"I'd rather have you," I said.  I'd finally worked back around to what I wanted to say.   "What if you and me were to run away together?"

 "I think I gave my patient a little too much medication," she said, starting to sit up.

"No, no," I whispered, pulling her gently back down onto the bed, onto the ice-flow.  "I really think maybe we could have a future together."

She chuckled again.  She usually had this full-throated, head-back guffaw that was frankly a little uncouth, but maybe that's why I liked it.  Whore or no, she was alive and maybe because of her occupation, life often struck her funny.  This time her laugh was a little soft, rueful.  The opioids no doubt played a role.

"Why are you laughing?" I said.

"Because it's funny to me that you think either one of us has a future."

I turned to her and saw that her eyes were glistening. Underneath all that mirth and toughness, she really did have what I suppose you'd call soulful eyes.   She wiped at them, and shook her head a little, willing herself back into the room.

"Well," she said, "You're not paying me to sleep.  Tell you what, why don't I slide down here and have a talk with our patient.  See if I can revive him."

"Don't worry about me, sweetheart.  I have a feeling you'd be at it awhile."

"Just relax," she said.

As she went about her ministrations, I closed my eyes and drifted.  A few moments later, the phone rang, startling us both.  I had a pretty good idea that I should pick it up and receive whatever information the caller wanted to impart, as it was apt to be time-sensitive and highly pertinent to the case I was ostensibly pursuing.  But for the moment, what little I was feeling didn't hurt and that was all I could ask for.  Without opening my eyes, I reached over and disconnected the cord.  The ringing blessedly stopped and the two of us floated off into the icy sea.


In the morning, the Nurse was gone, the pain was back and there was a note under the door that one of my wedding chapel contacts had left with the switchboard.  A subsequent phone call revealed that that as of the previous night, Miss Zoe Baines was now Mrs. Zane Truett, Minister Brad Epperly presiding.  This was typically the sort of thing my clients paid a premium to prevent. 

"Any idea where they might have been headed?" I asked, rubbing my aching face.

"Shooot," said Epperly, in his idiotic Texas drawl. "Way those two were dressed, there was only one place they could be going."

"California?" I said.

"Bingo," he said.  What kind of dip-shit says "Bingo?"  I told him the check was in the mail.  

I felt scraped-out and sad from the pills, so I went down to the diner and ordered steak and eggs and watched the blood seep across the white plate.  I'd had them in my grasp and now the trail was cold again.  But it wasn't even that I was losing my edge; it was that I was spilling out over the sides.  Getting my face kicked in by an understandably irate Japanese businessman, trying to convince a prostitute to elope with me: these are the kinds of strange, desperate acts committed by the people I get paid to follow or find.  I sift through the wreckage of these acts, and like a trail they lead me to their perpetrator, who is typically holed up in some sad motel room, clutching a bottle or a gun or both.  I didn't particularly care for the destination where that particular train of thought was heading, so I gulped the last of my coffee and paid the check.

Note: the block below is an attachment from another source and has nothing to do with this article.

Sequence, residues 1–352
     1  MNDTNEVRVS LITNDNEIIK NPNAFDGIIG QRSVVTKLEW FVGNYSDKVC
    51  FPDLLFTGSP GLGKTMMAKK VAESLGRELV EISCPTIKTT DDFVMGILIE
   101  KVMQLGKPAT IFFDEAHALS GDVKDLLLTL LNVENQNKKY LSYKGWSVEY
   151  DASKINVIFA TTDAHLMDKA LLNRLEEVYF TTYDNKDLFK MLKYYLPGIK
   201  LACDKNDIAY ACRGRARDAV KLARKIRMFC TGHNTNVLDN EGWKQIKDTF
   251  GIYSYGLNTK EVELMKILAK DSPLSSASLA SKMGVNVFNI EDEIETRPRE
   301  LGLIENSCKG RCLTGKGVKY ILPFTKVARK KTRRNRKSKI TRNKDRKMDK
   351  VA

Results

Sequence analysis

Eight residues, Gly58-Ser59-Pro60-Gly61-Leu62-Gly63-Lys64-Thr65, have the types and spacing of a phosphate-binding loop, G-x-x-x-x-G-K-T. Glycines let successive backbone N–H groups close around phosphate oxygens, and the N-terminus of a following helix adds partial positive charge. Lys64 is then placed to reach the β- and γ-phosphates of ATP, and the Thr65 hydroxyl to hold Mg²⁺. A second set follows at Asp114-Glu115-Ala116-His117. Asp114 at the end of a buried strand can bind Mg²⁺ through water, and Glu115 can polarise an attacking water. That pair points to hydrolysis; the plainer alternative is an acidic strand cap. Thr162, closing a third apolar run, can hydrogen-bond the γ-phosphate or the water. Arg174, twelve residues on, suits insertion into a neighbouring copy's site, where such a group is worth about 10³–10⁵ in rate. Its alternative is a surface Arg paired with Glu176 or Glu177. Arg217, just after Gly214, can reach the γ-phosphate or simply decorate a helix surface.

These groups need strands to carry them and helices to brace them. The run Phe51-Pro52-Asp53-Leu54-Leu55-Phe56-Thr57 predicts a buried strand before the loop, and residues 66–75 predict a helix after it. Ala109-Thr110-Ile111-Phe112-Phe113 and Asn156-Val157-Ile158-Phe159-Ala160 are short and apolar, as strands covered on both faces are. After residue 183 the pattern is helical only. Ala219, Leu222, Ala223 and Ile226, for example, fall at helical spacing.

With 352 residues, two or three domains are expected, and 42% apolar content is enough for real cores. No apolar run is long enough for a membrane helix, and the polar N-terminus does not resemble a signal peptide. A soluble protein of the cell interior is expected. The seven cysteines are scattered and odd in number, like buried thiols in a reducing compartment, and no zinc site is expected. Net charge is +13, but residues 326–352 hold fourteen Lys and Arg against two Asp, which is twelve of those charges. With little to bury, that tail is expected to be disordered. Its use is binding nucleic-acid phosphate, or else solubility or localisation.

I gassed up and headed for the interstate without much of a plan.  Near the westbound on-ramp, I saw a hapless-looking long-haired kid with his thumb out and, frankly grasping at straws, pulled over and let him in.  He tossed his rucksack in the back, and took off his absurd felt hat, from which sprouted, I kid you not, some kind of feather.  Christ almighty.  And people wonder why we're losing in Vietnam.  

"Thanks for the ride, man."

I gassed it down the road, watching the town disappear behind us, the houses thinning out and giving over to cacti and tumbleweeds.

"No problem," I said.  "Where to?"

 "LA, man," he said.  These kids, always with the "man."  It's because they want to stay children forever.  

"Smoke?" I said, offering him the pack.

"Thanks, man," he said, lighting up.

It was quiet for a moment as we both puffed on our cigarettes.  Glenn Campbell's Gentle On My Mind was playing on the radio, just starting to get fuzzy.  In case you're unfamiliar with the song, it's about a drifter who appears to be engaged in bigamy.  Bing Crosby it's not.  But nevertheless, it's catchy, and as I tapped my fingers on the steering wheel, I noticed the hippie was bobbing his head to the beat.

"I dig this song, man," he said.  

"Me, too," I lied, because now he'd ruined it for me forever.  "So what's in LA?  Girl?"

"Yeah, man," getting relaxed and expansive, really making himself at home on my leather seat, "Lotsa girls.  And the beach, the mountains…the whole trip, y'know?"

"I do," I said, exhaling out the window, keeping it casual.  "So it's a pretty… happening scene there in LA, huh?"

He looked at me a little wryly, the square trying to make with the hep slang.

"Yeah, it would be fair to say it's a pretty happening scene."

"Not San Fran, Berkeley?"

"Nah, that whole scene got like, ruined, man.  Infiltrated by narcs."

"I'm sorry to hear that."

"Really?  'Cause you look kinda like a narc yourself."

"You're a sharp kid.  I like that.  I proudly served the New York City Police Department for twenty-five years.  What do you think about that?"

"Heavy, man."

"It was."

I could tell he was inclined to hold my previous career against me, but his freeloading instinct prevailed. "So, like, what do you do now?"  He asked.